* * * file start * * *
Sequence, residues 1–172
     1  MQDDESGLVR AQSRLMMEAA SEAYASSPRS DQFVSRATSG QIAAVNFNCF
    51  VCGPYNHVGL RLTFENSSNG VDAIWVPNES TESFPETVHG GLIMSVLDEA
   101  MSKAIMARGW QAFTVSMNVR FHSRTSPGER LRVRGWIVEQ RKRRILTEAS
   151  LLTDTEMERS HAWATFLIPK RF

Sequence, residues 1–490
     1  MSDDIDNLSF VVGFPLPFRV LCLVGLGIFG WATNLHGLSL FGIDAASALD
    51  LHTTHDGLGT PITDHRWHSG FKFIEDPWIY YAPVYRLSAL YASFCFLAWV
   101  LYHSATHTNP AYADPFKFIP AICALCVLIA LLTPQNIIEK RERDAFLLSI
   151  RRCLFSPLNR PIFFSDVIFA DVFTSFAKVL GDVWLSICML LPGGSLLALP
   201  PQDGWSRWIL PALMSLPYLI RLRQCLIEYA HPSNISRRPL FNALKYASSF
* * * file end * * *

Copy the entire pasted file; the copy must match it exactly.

Sequence, residues 1–172
     1  MQDDESGLVR AQSRLMMEAA SEAYASSPRS DQFVSRATSG QIAAVNFNCF
    51  VCGPYNHVGL RLTFENSSNG VDAIWVPNES TESFPETVHG GLIMSVLDEA
   101  MSKAIMARGW QAFTVSMNVR FHSRTSPGER LRVRGWIVEQ RKRRILTEAS
   151  LLTDTEMERS HAWATFLIPK RF

Sequence, residues 1–490
     1  MSDDIDNLSF VVGFPLPFRV LCLVGLGIFG WATNLHGLSL FGIDAASALD
    51  LHTTHDGLGT PITDHRWHSG FKFIEDPWIY YAPVYRLSAL YASFCFLAWV
   101  LYHSATHTNP AYADPFKFIP AICALCVLIA LLTPQNIIEK RERDAFLLSI
   151  RRCLFSPLNR PIFFSDVIFA DVFTSFAKVL GDVWLSICML LPGGSLLALP
   201  PQDGWSRWIL PALMSLPYLI RLRQCLIEYA HPSNISRRPL FNALKYASSF